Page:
Junk mail is a pain for everyone. No matter how hard we try to filter it out, both manually and with carefully set spam filters, it always seems to find its way back into the “in” box. Spam is responsible for about 400 billion messages every day per some Internet watchdogs. It is responsible for the great majority of all email traffic on the web.
If you think your ability to not fall for the Nigerian King’s kind and desperate plea for help is keeping you safe, now would be a great time to get up to speed on the newest tactics scammers and spammers are using to get access to Internet users’ identities, bank accounts, and personal information.
Artisanal spam; Small batch lies
It’s not just for cheese and soap anymore. Artisanal spam is sent to only a few thousand email addresses. Because they target fewer people, the chances that they’ll be automatically blocked by spam filters goes down. When more messages make it into a real “in” box, they are much more likely to be read and responded to.
The information in these small batch spam emails is carefully curated by scraping personal information from corporate computer lists that hold personal information about customers. For example, a hacker may steal information from a medical clinic and then send out email bills with correct information. When the victim pays the bill via email, the money goes to the hacker, not to the clinic. The victim is still responsible to pay the clinic, and must seek help through their credit card company or bank to get their money back.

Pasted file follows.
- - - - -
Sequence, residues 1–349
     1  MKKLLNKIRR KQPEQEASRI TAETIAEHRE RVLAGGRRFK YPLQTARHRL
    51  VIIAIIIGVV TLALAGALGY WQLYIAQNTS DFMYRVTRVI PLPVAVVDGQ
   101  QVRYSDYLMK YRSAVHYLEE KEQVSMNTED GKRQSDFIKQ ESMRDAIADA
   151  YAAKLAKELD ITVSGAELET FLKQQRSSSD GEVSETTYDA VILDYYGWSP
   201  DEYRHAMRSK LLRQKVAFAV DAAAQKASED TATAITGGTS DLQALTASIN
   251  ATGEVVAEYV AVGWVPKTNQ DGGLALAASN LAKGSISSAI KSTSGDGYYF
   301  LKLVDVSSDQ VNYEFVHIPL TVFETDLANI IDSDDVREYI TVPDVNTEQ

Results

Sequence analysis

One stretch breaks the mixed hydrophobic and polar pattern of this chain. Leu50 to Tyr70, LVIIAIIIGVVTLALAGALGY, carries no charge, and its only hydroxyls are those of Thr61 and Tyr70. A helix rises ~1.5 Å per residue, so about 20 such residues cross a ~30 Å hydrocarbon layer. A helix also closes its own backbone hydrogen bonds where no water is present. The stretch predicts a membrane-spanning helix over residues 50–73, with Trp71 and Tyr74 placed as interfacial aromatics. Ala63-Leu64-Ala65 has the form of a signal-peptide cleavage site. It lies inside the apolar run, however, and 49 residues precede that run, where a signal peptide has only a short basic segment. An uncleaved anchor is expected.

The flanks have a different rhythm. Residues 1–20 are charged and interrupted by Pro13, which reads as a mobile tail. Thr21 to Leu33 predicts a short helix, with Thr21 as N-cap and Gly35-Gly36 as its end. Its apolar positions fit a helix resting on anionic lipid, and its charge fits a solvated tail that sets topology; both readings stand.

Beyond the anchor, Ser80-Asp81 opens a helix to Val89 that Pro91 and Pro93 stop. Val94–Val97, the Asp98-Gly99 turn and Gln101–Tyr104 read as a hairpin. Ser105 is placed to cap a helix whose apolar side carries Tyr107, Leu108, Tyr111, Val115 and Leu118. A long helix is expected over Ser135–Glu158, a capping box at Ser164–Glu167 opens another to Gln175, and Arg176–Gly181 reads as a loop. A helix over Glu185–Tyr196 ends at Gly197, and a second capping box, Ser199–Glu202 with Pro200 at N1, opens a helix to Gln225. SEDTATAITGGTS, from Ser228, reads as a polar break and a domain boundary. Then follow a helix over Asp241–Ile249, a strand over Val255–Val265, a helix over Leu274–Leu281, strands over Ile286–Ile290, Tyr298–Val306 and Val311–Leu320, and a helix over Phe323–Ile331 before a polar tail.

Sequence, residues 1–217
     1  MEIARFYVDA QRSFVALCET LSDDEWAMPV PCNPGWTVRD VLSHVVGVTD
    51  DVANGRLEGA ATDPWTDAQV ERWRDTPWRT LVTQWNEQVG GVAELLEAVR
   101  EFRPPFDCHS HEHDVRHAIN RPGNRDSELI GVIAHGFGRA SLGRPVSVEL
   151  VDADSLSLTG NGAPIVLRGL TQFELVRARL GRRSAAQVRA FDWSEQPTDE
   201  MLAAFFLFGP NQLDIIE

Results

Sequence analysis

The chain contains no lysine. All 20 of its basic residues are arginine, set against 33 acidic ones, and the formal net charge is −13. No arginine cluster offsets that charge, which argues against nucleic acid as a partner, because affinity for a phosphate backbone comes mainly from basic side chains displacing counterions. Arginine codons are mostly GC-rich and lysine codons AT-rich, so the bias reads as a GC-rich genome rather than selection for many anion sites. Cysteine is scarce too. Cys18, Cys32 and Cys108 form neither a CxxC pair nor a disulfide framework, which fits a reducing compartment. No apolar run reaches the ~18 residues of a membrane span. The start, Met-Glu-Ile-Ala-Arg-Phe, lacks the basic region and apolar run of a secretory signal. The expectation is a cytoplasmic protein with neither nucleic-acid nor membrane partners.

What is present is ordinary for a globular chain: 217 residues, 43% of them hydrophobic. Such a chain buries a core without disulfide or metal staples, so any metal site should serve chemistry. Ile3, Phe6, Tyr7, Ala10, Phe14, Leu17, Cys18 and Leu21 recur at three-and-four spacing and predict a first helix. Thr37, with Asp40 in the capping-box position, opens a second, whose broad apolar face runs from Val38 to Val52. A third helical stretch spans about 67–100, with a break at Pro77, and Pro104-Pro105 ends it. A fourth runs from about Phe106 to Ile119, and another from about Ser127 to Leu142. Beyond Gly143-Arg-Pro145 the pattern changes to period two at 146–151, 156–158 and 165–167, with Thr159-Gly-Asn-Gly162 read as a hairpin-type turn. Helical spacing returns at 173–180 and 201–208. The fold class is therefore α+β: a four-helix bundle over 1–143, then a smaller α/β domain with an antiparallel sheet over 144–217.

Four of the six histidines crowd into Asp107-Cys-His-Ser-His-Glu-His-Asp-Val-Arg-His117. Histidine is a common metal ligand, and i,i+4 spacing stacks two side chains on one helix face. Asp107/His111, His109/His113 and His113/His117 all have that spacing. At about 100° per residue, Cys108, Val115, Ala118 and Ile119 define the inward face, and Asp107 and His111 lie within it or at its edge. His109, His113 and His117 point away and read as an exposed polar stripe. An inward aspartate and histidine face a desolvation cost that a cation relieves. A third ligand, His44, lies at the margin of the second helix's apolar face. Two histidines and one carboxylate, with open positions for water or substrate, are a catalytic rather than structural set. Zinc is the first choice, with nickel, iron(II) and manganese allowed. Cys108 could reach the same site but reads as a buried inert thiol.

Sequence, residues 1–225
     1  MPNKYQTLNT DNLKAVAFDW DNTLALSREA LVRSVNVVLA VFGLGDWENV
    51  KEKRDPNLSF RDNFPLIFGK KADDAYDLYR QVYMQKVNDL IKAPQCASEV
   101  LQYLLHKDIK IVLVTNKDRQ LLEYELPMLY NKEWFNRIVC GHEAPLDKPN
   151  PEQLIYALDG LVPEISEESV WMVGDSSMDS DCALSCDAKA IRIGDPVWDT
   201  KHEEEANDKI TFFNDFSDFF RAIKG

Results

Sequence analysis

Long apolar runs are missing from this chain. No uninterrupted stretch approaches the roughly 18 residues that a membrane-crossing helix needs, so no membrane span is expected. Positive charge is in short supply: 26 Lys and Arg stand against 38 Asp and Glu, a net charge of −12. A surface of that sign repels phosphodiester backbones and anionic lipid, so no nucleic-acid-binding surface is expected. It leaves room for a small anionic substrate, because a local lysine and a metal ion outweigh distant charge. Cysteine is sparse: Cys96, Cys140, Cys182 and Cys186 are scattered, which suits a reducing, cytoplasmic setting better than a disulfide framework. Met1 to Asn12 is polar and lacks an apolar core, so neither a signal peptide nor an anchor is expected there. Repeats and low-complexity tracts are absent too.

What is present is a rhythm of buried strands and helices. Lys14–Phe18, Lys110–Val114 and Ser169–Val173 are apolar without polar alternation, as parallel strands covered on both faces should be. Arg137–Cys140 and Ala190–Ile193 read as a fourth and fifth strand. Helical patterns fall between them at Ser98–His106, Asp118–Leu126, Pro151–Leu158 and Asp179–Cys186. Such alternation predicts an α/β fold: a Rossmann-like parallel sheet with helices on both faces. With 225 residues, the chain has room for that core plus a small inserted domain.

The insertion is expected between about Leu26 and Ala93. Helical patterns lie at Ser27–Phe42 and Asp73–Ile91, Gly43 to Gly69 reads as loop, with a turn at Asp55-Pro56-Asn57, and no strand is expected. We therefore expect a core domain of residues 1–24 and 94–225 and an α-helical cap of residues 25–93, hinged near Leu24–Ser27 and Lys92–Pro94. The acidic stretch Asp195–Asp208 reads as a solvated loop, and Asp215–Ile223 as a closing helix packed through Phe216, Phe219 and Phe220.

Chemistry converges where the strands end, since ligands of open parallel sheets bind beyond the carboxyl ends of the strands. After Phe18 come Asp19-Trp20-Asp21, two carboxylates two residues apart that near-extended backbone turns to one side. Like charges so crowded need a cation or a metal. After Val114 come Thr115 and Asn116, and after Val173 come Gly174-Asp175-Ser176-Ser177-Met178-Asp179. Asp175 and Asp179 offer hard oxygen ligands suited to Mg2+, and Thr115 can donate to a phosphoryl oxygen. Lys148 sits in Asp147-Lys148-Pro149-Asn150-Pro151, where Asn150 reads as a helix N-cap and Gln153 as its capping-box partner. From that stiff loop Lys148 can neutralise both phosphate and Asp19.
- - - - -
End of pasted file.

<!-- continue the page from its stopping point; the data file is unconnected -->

Social media account hacks offer an easy in for scammers
Collecting personal information from social networks is easy for hackers. Many people have their security settings so low that anyone can access their list of “friends” or contacts. Emails sent from those trusted contacts after a hacker has gotten access to the lists contain links inviting the recipient to click through. As soon as they click the link, every keystroke they make on that computer is recorded and automatically forwarded to the hackers. This often ends up revealing logins, passwords, and signing credentials for financial accounts.
This kind of scam happens often enough that PayPal and big banks like Bank of America have a process in place that is automated so victims can get help nearly immediately. It’s still an arduous and stressful situation, and getting the money back that hackers steal from these accounts can take weeks.
Staying safe may seem impossible, but with just a bit of online research, much of the danger of Internet scams can be avoided for seniors. Before returning a call, google the phone number to find out if it has been reported as a scam number. Don’t click on links sent from anyone unless you’ve confirmed that they actually sent the email and that their account hasn’t been hacked. Communicate with healthcare clinics and doctors’ offices directly and never pay a bill via an email.